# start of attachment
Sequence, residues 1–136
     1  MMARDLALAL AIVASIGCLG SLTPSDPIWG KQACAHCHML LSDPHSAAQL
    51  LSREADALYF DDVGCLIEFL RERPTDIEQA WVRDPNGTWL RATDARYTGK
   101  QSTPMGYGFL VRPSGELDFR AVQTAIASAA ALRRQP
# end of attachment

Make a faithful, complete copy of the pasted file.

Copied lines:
Sequence, residues 1–136
     1  MMARDLALAL AIVASIGCLG SLTPSDPIWG KQACAHCHML LSDPHSAAQL
    51  LSREADALYF DDVGCLIEFL RERPTDIEQA WVRDPNGTWL RATDARYTGK
   101  QSTPMGYGFL VRPSGELDFR AVQTAIASAA ALRRQP